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Is Your Reaction to Caffeine a Sign You Have ADHD?

Is Your Reaction to Caffeine a Sign You Have ADHD

By Elizabeth Weiss

Your daily cup (or cups) of coffee might feel like the fuel that gets you through the day, but how your body and brain react to caffeine might be an indication that you’re dealing with undiagnosed ADHD. Whether your search for an extra jolt of focus comes from energy drinks, tea, coffee, soda or chocolate, no two people react the same to the powerful nature of caffeine — especially when ADHD is involved.

Possible Impact of Caffeine on People with ADHD

If you can drink cup after cup of coffee without any negative side effects, caffeine likely affects you differently than most coffee drinkers.

“An individual’s response to caffeine can sometimes serve as an indicator of undiagnosed ADHD,” says Dr. Ryan Sultan, a psychiatrist in New York City. While many people experience heightened jitters or restlessness in reaction to too much caffeine, those with ADHD might become more relaxed.

Of course, the impact of caffeine varies from person to person. Just because you like to drink several cups of your favorite medium roast every day and that has no effect on your nervous system doesn’t automatically mean you have ADHD.

Know What You’re Dealing With

Caffeine has power. If ingesting the substance helps someone feel like their best self, it’s easy enough to continue with the relationship.

“Coffee or caffeine in general is one of the most widely used central nervous system stimulants in the world and it creates a high level of dependency, perpetuating its use,” says Stefanie Lattner, founder and CEO of WeVibin cognitive performance therapy in Pittsburgh, Penn. The company has developed a vibrational therapy to improve focus and also developed a brain-training app for mental wellness.

Though many people report feeling more awake and able to tackle their day after a cup of coffee, alertness and attention are two different things, Lattner says.

Ultimately, the dependence on caffeine negatively impacts the sleep-wake cycle in the brain and increases alertness in the short term. But this benefit eventually leads to drowsiness, anxiety and impulsivity, which isn’t all that great for a person’s attention span, ADHD or not.

“As sleep cycles are disturbed, attention further plummets and the stress on the body increases,” Lattner says. “Then the individual may ingest more caffeine.”

Some research has been done surrounding caffeine and cognitive function. But the results don’t offer much insight into caffeine and ADHD, Lattner says — mostly because the studies that have reported positive benefits in alertness and memory have not systematically compared people with or without ADHD.

When Caffeine Matters … and When It Doesn’t

“The type and quantity of caffeine is important for me in determining if it is going to help me or make me feel miserable,” says Jessica Powell of Woodinville, Wash., who has generalized anxiety disorder and was diagnosed with ADHD in her early 40s. “If I drank too much caffeine (in non-coffee drinks) or drank coffee, my anxiety would activate, leaving me less equipped to do anything except sit there, wishing I hadn’t just drunk that coffee.”

Green or black tea, however, became Powell’s method for getting a short boost in focus and productivity without the jitters.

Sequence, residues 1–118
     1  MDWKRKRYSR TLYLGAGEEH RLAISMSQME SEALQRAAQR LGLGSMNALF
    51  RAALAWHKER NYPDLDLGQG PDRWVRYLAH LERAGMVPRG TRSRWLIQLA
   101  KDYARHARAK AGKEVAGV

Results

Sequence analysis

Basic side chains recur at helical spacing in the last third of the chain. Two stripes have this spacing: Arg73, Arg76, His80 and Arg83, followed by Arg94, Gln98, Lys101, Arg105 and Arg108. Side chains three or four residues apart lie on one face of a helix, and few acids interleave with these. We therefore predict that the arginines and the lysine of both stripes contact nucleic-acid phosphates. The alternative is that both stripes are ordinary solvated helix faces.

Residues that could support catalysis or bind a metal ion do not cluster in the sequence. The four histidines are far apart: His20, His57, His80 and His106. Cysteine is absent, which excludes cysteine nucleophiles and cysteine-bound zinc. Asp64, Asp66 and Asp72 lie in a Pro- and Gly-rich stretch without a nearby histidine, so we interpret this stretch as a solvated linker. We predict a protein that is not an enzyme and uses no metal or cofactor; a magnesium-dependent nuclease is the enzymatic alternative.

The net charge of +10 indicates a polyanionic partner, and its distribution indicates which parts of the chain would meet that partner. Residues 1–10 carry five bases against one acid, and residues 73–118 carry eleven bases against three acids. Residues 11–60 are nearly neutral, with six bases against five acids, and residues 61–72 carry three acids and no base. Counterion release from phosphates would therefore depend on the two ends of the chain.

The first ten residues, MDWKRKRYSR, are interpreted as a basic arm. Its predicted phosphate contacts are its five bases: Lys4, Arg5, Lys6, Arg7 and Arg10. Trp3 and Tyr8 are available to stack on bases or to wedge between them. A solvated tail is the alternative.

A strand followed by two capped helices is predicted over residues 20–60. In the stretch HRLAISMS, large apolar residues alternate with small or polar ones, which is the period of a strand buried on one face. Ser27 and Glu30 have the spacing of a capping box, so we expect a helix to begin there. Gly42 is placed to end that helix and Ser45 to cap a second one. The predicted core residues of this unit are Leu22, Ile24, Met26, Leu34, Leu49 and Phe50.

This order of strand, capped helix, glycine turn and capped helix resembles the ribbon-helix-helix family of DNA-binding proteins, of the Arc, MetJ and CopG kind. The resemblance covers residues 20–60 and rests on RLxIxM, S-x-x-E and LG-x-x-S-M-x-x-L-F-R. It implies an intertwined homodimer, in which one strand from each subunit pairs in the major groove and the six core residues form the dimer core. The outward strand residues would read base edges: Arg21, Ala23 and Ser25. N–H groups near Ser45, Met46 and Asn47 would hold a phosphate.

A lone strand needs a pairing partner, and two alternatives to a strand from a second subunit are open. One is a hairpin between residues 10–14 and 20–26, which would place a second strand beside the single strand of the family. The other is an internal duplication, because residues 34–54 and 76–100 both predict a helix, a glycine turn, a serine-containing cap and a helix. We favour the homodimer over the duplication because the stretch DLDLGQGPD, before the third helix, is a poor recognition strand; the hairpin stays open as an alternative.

“The downside was that I’d have to keep drinking it and if I ingested any caffeine after noon, I would have difficulty sleeping at night,” Powell says.

Instead of continuing to play with the potential risks and benefits of caffeine consumption, Powell sought medical help.

“Caffeine is not a substitute for a proper diagnosis and a comprehensive treatment plan and ADHD management,” says Sultan, who advises consulting a healthcare provider for an evaluation if you suspect you have ADHD or are concerned about your reaction to caffeine.

Though caffeine is powerful and it helped Powell find her focus to a small degree, it is not a reliable diagnostic tool.

“Finally getting an ADHD diagnosis at age 43 and finding the medication type and dosage best for me has changed my life,” she says.

Can Caffeine Actually Help ADHD Symptoms?

For some people with ADHD, caffeine can make tasks that require sustained attention far more manageable, says Sultan. An energy boost is also possible, but not in a manic way.

“Caffeine tends to have a calming effect on individuals with ADHD, which contrasts with its stimulating impact on those without the condition,” says Sultan.

For example, someone who feels more focused and less agitated after a strong cup of coffee, especially compared to their peers, may consider the possibility of having undiagnosed ADHD if other common symptoms are present like forgetfulness, distraction, impulsivity, or hyperactivity, experts say.

Trista Best, a registered dietitian in Wilmington, Del., reinforces the idea that caffeine can have both positive and negative effects on individuals with ADHD.

“Caffeine is a stimulant that can increase alertness and improve focus in some people with ADHD,” she says. “It can temporarily boost dopamine levels, which may help with attention and concentration.”

Better organization and attentiveness are sometimes reported as welcome side effects in people with ADHD.

It’s important to remember, though, that the impact of caffeine varies greatly among individuals.

“Caffeine’s effects tend to be short-lived and can lead to crashes, making it less effective in the long term compared to prescription medications designed specifically for ADHD,” Best says.

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